Careful dissection is required to free the entire diaphragm from its adhesions to surrounding tissues. Once mobilized, the edges should be brought together to evaluate for tension. If the edges can be approximated easily, the repair should be performed primarily as described in the section on acute diaphragmatic injuries. Generally, defects up to 8 cm can be closed primarily.58 Primary repair of larger defects in the diaphragm will cause unacceptable flattening of the diaphragm, and prosthetic material will be needed to reconstruct the diaphragm. Many different prostheses have been used, including mersilene, polytetrafluoroethylene (PTFE), polypropylene, and polydioxanone meshes.48,54,59–62 Recently, a 2-mm thick PTFE patch has been advocated as an excellent material for reconstructing the diaphragm as it provides the necessary strength and is watertight.58 Generally, the patch is sutured using a running 0-nonabsorbable suture around the edges of the defect, often starting medially (Fig. 28-9). The patch must be tailored to minimize laxity in the diaphragm. Full-thickness bites in the diaphragm are necessary, with care taken to avoid injury to underlying structures.
FIGURE 28-9 Technique for repair of the diaphragm using a prosthetic. (Reproduced with permission from Juan A. Asensio, MD, FACS, FCCM and Demetrios Demetriades, MD, PhD, FACS.)
For injuries extending laterally to the chest wall without adequate tissue for fixation, the prosthetic can be secured with interrupted sutures placed around the ribs, following the natural course of the native diaphragm. Medially, the mesh can be secured either to pericardium or to the posterior crus if inadequate native diaphragmatic tissue exists.58 In contaminated fields, autologous tissue may be used instead of PTFE to reconstruct large diaphragmatic defects. Latissimus dorsi, rectus abdominis, external oblique, and transversus abdominis flaps have been described, mainly in pediatric populations.63–67 The benefit of autologous tissue in the pediatric population is that it allows for growth of the child. A surgical algorithm to approach diaphragmatic injuries is presented in Fig. 28-10.
FIGURE 28-10 Algorithm for repair of an acute or chronic diaphragmatic defect.
Mortality following diaphragmatic injury is dependent on the severity of the associated injuries.28 Mortality rates vary between 18 and 40%, depending on mechanism of injury (blunt versus penetrating).28,42Recurrence rates of diaphragmatic hernias following repair are difficult to ascertain; however, it appears that the recurrence rate is higher when absorbable suture is used for the initial repair.28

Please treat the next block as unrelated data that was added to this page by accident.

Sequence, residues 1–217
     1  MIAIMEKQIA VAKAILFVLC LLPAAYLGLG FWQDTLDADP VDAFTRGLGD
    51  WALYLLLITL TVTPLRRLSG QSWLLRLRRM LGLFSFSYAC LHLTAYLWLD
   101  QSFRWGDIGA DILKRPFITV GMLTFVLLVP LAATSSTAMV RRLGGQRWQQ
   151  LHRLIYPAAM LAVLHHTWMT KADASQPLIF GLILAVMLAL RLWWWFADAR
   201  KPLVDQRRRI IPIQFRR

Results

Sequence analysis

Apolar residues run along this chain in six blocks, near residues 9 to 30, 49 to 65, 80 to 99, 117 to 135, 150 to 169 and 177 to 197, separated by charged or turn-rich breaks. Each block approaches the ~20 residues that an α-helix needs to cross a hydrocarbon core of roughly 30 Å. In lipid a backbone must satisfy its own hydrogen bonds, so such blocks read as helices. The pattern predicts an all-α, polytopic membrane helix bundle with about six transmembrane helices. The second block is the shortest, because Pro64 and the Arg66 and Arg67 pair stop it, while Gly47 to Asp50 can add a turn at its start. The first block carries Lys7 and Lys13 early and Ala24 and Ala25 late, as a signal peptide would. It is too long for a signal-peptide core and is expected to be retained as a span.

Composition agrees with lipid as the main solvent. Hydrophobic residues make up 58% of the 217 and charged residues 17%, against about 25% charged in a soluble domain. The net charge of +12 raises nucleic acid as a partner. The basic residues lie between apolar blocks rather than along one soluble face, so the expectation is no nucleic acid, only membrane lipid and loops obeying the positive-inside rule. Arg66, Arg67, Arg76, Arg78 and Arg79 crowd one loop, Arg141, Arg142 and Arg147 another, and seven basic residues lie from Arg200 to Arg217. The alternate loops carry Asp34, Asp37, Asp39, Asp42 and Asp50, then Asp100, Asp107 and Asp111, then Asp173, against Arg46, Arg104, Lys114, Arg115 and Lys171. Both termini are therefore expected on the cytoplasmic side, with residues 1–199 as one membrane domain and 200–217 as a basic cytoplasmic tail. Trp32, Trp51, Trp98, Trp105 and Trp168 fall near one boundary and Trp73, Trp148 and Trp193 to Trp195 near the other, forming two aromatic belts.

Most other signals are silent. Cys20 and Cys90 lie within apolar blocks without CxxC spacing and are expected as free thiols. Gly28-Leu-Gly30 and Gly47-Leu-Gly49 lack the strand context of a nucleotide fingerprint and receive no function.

Postoperative morbidity directly related to the acute surgical repair includes suture-line dehiscence, failure of diaphragmatic repair, hemidiaphragmatic paralysis secondary to iatrogenic injuries to the phrenic nerve, respiratory insufficiency, empyema, and subphrenic abscess. The complication rate after repair of a diaphragmatic injury has ranged from 30 to 68%.69,70 Atelectasis has been documented in 11–68% of patients, with pneumonia and pleural effusions reported in another 10–23%. Sepsis, multiorgan system failure, hepatic abscess, and empyema have been reported in 2–10% of patients.69,70
When complication rates were compared in blunt versus penetrating injuries of the diaphragm in one review, patients with blunt trauma had a 60% complication rate versus 40% complication rate in those with penetrating trauma.71Most of the morbidity reported in these studies is clearly the result of the large number of associated injuries present in association with diaphragmatic injuries.69,71 Mortality following repair of a chronic diaphragmatic hernia depends entirely on the presence or absence of obstructive symptoms at the time of presentation. A mortality of less than 10% is expected in patients with asymptomatic diaphragmatic hernias, and this is related to the patient’s comorbidities and not to the repair.26,68 Patients presenting with gastrointestinal obstruction have a significantly higher morbidity (>60%) and mortality (25–80%). This reinforces the need to pursue the diagnosis and surgical management of diaphragmatic injuries prior to the onset of obstructive symptoms with chronic hernias.19,26,37
Blunt ruptures of the central tendon of the diaphragm involving the pericardium are rare and may present as acute injuries or as chronic hernias following missed injuries. Most are caused by combined blunt trauma to the chest and abdomen; however, isolated trauma to either one of the cavities can also cause this entity. Simultaneous rupture of the pericardium into the left and the right pleural spaces has also been described, as has herniation of the heart inferiorly into the peritoneal cavity.72 There is a high incidence of associated injuries including musculoskeletal injuries that occur predominantly on the left side of the body. The organs most frequently involved in pericardial herniation are the transverse colon, stomach, omentum, liver, and small bowel. Exploratory laparotomy is recommended as the preferred approach for the acute repair of these injuries.72
Diaphragmatic injuries may be associated with other severe life-threatening injuries as after blunt trauma or may be subtle in their presentation in a patient with a stab wound to the left thoracoabdominal area. In either situation a high index of suspicion is necessary to make the diagnosis. As modern imaging techniques improve, diagnosis may become less difficult. Once the diagnosis is made, repair in the acute phase can usually be accomplished using the surgical techniques described. In the latent or obstructive phases of presentation, repair or reconstruction of the diaphragm may be a surgical challenge. If gastrointestinal obstruction, perforation or ischemia occur with a chronic posttraumatic diaphragmatic hernia, postoperative morbidity and mortality are significant.